This November, Illinois voters need to vote yes and pass the Fair Tax Amendment. It’s the only way to bring tax fairness to Illinois and ensure we have resources to invest in our workforce and our communities.
The Fair Tax will mean lower taxes for the majority of Illinoisans while bringing billions of dollars of investment to local communities. Despite the promises, flat income taxes like our current system undermine equity and don’t adequately fund the services we all depend on. Illinois is one of the few states to use a flat tax, rather than graduated income tax rates, where those with higher incomes pay higher rates and lower incomes pay lower rates. It’s time for that to change–we at the Chicago Jobs Council strongly support the Fair Tax Amendment. With the new tax structure, income taxes would go down or stay the same for 97% of Illinoisans. Income taxes would only go up for those making over $250,000 each year.
The Fair Tax is also good for the Illinois State Budget as a whole. The Governor’s proposed rates would increase General Fund revenues by approximately $3.1 billion each year. And in forecasts of next year’s budget after COVID-19, the amendment would reduce the shortfall by $1.2 billion. Without this revenue, social services and workforce development programs have no hope to meet the needs of our communities.
Without a Fair Tax, the need for a balanced budget has led the State to slash funding on most public services. Policymakers are stuck defending spending on basic public services, leaving no capacity for innovative programs or investment in workforce development. Less than 5% of public workforce development spending comes from the State. Instead, the vast majority is pass-through federal dollars which are subject to numerous restrictions. Federal programs like WIOA provide solid foundations for workforce development but since there are nationwide regulations and restrictions, Illinois cannot fully adapt their programs to its labor force and unique economic environment. Increased revenues could enable Illinois to design and implement more responsive workforce development programs.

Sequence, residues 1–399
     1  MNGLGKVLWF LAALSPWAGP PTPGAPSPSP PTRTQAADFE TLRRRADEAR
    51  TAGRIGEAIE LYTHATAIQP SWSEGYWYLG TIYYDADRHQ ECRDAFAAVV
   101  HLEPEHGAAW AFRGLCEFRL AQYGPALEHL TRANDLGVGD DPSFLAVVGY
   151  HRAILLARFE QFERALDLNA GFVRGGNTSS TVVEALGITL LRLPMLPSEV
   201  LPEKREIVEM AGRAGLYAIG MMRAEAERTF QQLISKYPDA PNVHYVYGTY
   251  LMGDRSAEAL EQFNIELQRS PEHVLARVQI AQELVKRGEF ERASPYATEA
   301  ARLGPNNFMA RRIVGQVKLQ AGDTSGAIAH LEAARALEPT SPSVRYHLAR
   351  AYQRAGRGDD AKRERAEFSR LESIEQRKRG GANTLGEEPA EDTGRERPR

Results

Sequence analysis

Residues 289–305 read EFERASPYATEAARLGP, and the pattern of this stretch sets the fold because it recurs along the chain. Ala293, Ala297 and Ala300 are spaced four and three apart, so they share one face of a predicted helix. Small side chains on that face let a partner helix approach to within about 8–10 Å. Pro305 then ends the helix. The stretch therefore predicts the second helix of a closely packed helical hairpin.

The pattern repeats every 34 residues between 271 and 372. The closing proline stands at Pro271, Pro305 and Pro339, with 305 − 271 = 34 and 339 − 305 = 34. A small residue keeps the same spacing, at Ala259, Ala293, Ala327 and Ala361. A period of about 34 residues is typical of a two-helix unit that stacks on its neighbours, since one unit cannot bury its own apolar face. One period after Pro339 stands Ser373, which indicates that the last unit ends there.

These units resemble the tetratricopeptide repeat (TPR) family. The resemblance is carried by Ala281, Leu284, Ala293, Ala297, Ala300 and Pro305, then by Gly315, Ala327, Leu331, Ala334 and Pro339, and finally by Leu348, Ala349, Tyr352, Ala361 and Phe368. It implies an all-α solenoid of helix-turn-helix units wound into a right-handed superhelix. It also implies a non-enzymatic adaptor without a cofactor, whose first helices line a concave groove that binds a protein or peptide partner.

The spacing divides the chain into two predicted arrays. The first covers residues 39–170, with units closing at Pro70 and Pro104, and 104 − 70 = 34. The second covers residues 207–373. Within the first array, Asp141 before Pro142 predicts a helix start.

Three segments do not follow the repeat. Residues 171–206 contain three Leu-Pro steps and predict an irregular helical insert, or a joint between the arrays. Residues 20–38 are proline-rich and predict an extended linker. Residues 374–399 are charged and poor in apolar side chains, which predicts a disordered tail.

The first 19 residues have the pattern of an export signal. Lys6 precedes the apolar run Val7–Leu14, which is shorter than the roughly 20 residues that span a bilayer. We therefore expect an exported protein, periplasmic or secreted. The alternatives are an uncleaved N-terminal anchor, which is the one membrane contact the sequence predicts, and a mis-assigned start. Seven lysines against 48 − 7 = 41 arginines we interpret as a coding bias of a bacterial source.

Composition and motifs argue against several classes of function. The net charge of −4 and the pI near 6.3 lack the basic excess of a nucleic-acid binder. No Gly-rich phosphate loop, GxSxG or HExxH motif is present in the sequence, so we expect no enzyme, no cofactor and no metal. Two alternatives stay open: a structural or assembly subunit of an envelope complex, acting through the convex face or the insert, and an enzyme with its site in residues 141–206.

Shifting to a Fair Tax would also allow Illinois to rely less on punitive, regressive tickets, fines, and fees for revenue, something a number of Illinois cities are guilty of. In the past decade, we’ve seen repeated evidence that fines and fees have disproportionately fallen on People of Color and low-income communities. The burdens imposed by these fines present new obstacles for already-marginalized communities, like loss of a driver’s license, which frequently leads to job loss and thus reduced ability to pay these debts. Unlike aggressive tickets, fines, and fees, the Fair Tax is part of a sustainable finance plan for state and local government.
During the current pandemic and record unemployment rates, this tax cut from the Fair Tax will be particularly helpful. Many of our essential frontline workers make under $100,000, so this is a great way to put more money in their pockets. Staying home isn’t the only way to support them, we can also vote yes.
Finally, the Fair Tax will also help spur our economic recovery coming out of the pandemic. For one thing, employment growth is driven by tax cuts for lower-income groups, not the top 10%. Low and middle income families spend a greater percentage of their income, so more money in their hands is more money back into the economy. Let’s put Illinois on track and vote yes for a Fair Tax in November.